Conflict and poverty allow disease to thrive. In Syria, electricity and water have also become weapons of war, as civilians living in crisis zones are facing attacks on their living conditions. The economies of Syria and Lebanon are interconnected, as goods are transported between them and the impacts from shortages of food, water, and medical supplies are jointly felt. Observed with the economic pressure Syria puts on the country and Lebanon’s political and economic deterioration, conditions that lead to the cholera crisis are exacerbated. In the past year, the local currency in Lebanon has lost more than 90% of its value and three quarters of the population have fallen into poverty. Rising oil prices have only worsened the economic meltdown impacting a myriad of societal aspects. 

Access to water is compromised by the lack of reliable electricity and high water prices. Lebanon’s Water Establishments network is relied on by about three million people to provide them with safe bottled water. However, they need hours of reliable electricity to operate pumping stations and provide treatment for water. Additionally, these private operators are affected by fuel prices and shortages which they need for generators and trucks to operate. Currently, around 198,000 Syrian refugees in over 2,000 informal settlements rely on these shipments of clean water. Additionally, the majority of Lebanese households are dependent on bottled water but with their costs soaring, financial burden puts families at risk. 

Along with the devastated infrastructure and economic turmoil, climate change plays a significant role when tracing the spread of disease. The existence of snowcapped mountains that once used to serve as a plentiful water resource for Lebanon can no longer reliably function as so. The snow cover of Mount Lebanon has reduced to 40%, limiting the availability of water and causing droughts of magnitudes never seen before. In Syria, the Euphrates River is suffering low water levels mostly due to rising global temperatures, in turn, progressing bacterial spread. Furthermore, in both countries irrigation systems are impacted as they are forced to use contaminated water to cultivate crops, further increasing the risk of cholera spread.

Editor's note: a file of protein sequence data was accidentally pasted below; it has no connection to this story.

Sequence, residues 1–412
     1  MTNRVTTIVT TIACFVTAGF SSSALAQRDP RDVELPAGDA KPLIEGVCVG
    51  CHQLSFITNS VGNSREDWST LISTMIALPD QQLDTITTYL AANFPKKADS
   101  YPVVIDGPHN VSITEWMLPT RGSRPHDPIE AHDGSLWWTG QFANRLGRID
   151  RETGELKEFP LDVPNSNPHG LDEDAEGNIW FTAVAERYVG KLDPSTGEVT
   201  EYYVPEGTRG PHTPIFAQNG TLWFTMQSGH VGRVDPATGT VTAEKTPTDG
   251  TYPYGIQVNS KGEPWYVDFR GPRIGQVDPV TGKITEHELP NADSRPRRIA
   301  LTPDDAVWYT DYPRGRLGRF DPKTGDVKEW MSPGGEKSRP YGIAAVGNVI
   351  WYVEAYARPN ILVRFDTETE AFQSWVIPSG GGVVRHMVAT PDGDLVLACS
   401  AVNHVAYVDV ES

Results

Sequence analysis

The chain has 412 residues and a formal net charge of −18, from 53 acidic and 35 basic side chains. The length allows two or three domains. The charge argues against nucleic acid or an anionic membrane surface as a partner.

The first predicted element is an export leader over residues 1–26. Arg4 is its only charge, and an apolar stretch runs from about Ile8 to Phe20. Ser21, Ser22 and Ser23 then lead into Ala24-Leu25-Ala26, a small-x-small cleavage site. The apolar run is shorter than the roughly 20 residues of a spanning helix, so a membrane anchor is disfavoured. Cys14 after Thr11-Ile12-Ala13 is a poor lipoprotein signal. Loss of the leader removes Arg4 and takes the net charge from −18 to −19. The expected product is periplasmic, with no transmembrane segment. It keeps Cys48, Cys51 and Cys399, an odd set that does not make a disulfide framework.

While there are long-term reform efforts that must be enacted, international organizations are focused on providing medical aid to those currently impacted. These efforts include distributing single-dose vaccines, monitoring water quality, providing support to hospital care, and strengthening awareness of cholera in vulnerable communities. The International Organization for Migration is currently seeking financial support to maintain its aggressive cholera response in Lebanon, demonstrating the need for international assistance. In Syria, UNICEF is focusing on supporting large-scale rehabilitations of infrastructure and establishing local supply chains to safeguard WASH standards. Cholera’s spread can be minimized, perhaps even halted, by assessing the myriad of core issues — climate change, conflict, and the global refugee crisis — that render Syria and Lebanon vulnerable landscapes to the disease.

  • Middle East Policy

    Middle East Policy has been one of the world’s most cited publications on the region since its inception in 1982, and our Breaking Analysis series makes high-quality, diverse analysis available to a broader audience.